Annis also became a surname. Perhaps that explains how a famed Canadian Sports Hall of Famer ended up answering to Annis Stuckus. He’s memorialized with the Annis Stuckus trophy, given annually to a Canadian Football League player. There’s also Anicetus, the name of a first century pirate and a second century pope.

Then there’s Black Annis, a beclawed witch from English folklore, said to live in a cave and come out by night to hunt for children. You might find references to her in pop culture – comic book Hellboy and role playing game Dungeons and Dragons both give the name to a villain.

There are a handful of worthy namesakes:

  • Eighteenth century poet Annis Stockton lived at Princeton’s Morven estate.
  • Twentieth century British philosopher Antony Flew was married to Annis Harty.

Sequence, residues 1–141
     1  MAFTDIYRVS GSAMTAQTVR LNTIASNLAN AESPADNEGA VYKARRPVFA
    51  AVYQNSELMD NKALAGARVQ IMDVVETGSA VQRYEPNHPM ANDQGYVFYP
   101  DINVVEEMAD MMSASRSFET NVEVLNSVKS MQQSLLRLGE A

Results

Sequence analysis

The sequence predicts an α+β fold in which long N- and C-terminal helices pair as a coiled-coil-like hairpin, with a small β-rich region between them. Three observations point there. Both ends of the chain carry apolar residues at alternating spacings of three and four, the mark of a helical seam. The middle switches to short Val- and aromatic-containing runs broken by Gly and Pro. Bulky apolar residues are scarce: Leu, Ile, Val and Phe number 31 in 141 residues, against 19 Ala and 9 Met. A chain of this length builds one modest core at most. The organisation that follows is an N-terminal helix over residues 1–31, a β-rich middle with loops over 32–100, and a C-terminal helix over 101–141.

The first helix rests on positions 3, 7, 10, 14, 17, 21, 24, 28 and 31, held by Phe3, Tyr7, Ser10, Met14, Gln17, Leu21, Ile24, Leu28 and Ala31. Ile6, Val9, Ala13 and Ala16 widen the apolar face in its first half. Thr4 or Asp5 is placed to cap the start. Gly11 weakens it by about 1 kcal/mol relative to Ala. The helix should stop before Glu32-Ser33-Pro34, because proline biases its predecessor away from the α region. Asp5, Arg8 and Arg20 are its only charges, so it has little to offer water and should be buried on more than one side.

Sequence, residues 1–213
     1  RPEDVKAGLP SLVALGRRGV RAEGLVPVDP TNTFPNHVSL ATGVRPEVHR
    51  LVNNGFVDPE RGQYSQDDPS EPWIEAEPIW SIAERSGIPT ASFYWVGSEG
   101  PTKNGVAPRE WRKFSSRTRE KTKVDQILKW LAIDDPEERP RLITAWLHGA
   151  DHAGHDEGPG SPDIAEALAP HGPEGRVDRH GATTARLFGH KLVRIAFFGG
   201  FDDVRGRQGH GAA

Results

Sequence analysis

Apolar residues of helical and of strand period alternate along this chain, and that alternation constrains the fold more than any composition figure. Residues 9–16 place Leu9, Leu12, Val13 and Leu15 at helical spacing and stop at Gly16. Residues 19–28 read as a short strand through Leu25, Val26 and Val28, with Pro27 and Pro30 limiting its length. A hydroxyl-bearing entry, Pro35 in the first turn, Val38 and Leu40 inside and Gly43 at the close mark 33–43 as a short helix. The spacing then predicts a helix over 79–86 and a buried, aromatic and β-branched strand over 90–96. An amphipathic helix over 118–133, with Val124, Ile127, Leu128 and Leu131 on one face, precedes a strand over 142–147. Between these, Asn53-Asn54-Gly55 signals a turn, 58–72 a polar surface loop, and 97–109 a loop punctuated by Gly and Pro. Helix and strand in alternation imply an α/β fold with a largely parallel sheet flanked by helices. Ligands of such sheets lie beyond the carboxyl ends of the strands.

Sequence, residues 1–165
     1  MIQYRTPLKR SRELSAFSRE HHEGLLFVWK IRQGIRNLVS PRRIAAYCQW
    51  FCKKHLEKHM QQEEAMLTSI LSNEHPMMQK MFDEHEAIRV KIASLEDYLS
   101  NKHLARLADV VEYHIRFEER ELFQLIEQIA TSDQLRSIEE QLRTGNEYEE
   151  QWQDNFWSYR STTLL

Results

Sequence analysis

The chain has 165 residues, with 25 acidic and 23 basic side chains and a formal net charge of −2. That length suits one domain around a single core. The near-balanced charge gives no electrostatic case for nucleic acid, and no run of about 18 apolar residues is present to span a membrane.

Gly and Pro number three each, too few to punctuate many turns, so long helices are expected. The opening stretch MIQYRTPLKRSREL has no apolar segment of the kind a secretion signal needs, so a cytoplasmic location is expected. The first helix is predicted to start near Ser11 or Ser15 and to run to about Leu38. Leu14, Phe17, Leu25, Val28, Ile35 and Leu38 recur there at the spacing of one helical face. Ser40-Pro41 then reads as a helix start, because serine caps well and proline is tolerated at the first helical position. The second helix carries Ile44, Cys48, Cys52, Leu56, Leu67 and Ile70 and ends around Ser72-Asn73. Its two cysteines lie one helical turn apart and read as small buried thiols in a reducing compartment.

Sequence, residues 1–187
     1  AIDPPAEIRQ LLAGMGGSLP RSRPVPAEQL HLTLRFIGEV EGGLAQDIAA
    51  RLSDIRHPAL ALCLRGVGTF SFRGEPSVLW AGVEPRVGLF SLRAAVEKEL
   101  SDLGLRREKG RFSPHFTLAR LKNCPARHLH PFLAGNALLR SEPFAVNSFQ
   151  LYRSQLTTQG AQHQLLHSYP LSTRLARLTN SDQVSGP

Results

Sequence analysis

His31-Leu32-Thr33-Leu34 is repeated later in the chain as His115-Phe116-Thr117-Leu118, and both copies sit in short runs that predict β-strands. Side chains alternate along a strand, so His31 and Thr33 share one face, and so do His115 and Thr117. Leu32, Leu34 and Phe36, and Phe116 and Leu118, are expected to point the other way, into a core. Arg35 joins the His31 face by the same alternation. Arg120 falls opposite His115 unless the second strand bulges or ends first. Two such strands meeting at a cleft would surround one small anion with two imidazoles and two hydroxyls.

• English author Georgette Heyer, a well-known romance novelist, gave the name to heroine Annis Wychwood in 1972’s Lady of Quality, one of her last novels.

Today, Annis gets a boost from her botanical cousin anise, a flowering plant with a flavor similar to liquorice.

But she doesn’t need it. With easy nicknames Ann, Annie and Anna, plus her similarity to fresh and fashionable revival picks like Alice and Frances, she’s a nice compromise for parents seeking a truly uncommon choice that still blends in.

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About Abby Sandel

Whether you're naming a baby, or just all about names, you've come to the right place! Appellation Mountain is a haven for lovers of obscure gems and enduring classics alike.

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What do you think?


  1. Annes is actually a family surname on my family tree and I have always wondered if Annes would work as a girl name. It has been misspelled on family tree as Annis, Anns, and occasionally Anne. I think Ansley would be a sweet namesake to Annes.